Samson Meteor - Weird Disturbance


I purchased a Samson Meteor with great expectations and when it arrived, I can’t explain my thrill and happiness in words. I opened the pack, and connected it to my laptop, opened Audacity, switched the input to Mono and attempted my first recording. Recording all went fine but the recording has got a high frequency shrill noise through out. I tried pluggin in the USB in a Hub, but till its all the same. I played around with various options but its still the same. I can cancel out the noise but its a hell of a job and I want to know whether this is normal or is some problem. Please find an audio sample attached. I have kept quiet for the first few seconds so that you all can hear the frequency disturbance very clearly.


That’s the “Yeti Curse.” The USB data transmission system getting into the sound. I put it that your computer and the microphone hate each other.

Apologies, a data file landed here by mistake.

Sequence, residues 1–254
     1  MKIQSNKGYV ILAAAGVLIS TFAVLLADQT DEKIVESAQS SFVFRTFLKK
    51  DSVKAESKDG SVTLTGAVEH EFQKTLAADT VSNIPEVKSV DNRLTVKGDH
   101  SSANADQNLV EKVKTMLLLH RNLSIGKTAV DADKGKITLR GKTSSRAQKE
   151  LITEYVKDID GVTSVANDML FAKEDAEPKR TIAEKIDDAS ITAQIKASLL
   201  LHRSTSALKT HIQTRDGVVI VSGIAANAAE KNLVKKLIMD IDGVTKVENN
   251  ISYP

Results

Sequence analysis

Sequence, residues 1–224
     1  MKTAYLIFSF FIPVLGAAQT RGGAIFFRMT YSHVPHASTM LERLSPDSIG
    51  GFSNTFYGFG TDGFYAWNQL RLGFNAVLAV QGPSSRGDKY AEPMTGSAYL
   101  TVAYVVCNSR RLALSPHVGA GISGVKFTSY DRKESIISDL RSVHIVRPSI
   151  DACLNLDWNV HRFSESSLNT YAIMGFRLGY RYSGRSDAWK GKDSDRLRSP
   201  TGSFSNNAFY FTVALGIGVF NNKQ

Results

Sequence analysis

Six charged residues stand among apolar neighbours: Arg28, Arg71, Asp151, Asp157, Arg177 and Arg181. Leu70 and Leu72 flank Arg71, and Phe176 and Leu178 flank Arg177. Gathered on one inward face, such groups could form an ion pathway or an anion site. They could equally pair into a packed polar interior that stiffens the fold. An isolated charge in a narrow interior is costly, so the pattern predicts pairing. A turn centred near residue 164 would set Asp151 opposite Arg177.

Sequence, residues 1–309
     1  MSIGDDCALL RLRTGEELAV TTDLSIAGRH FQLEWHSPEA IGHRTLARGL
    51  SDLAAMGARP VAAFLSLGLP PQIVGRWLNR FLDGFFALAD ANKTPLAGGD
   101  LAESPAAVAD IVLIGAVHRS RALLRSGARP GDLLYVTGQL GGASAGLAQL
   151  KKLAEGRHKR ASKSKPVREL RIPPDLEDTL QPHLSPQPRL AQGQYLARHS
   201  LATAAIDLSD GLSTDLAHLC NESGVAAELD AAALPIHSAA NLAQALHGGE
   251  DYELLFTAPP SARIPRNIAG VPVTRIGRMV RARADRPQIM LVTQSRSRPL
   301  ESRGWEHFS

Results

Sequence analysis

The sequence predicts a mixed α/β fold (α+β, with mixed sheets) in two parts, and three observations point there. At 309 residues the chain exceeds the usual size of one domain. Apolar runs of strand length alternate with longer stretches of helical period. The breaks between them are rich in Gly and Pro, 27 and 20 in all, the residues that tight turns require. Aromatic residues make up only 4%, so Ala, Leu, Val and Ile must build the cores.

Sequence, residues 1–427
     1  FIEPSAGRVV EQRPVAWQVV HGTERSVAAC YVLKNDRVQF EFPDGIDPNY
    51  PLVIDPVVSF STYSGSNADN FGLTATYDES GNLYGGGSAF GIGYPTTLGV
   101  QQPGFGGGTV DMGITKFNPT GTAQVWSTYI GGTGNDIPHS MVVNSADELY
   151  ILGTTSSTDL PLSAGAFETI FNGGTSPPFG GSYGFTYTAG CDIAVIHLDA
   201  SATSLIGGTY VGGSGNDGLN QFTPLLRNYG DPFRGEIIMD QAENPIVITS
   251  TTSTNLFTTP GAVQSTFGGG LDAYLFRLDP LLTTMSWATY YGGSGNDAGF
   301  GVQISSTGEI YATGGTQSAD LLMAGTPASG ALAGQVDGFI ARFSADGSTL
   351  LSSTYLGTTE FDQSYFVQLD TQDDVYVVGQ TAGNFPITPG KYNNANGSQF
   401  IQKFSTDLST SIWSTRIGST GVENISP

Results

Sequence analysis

Yes it is rough to get rid of. It has a lot of the characteristics of fingernails on blackboard. Even if your work passes ACX AudioBook specifications, you can still hear it whining in the background.

Steve generated a Nyquist filter to help and this is me looking for it.


I can’t believe I found it so fast.

See if that helps.


Thanks for the quick response guys…so there is no permanent solution to this problem?

And is it the problem with my laptop or some manufacturing defect?

Thanks for the quick response guys

Quick response R us. Nine time zone support will do that.

there is no permanent solution to this problem?

Not in the sense you mean, no.

is it the problem with my laptop or some manufacturing defect?


USB microphones used to have a solid reputation for good performance at low cost. That was then. We stopped unconditionally recommending them because so many people have troubles.

I “suspect” manufacturers got a new chipset or technique that was “almost” as good as the old system…but half the cost. I have several small USB sound devices. Same model number. The older ones all work perfectly. The newer ones don’t.

Couple that with the insistence that all Windows laptops be as cheap as possible and thus cut corners on the USB system. Poof. Yeti curse. This is from the Blue Yeti microphones which used to be the highest quality of that type of microphone. Now, they have a curse named after them.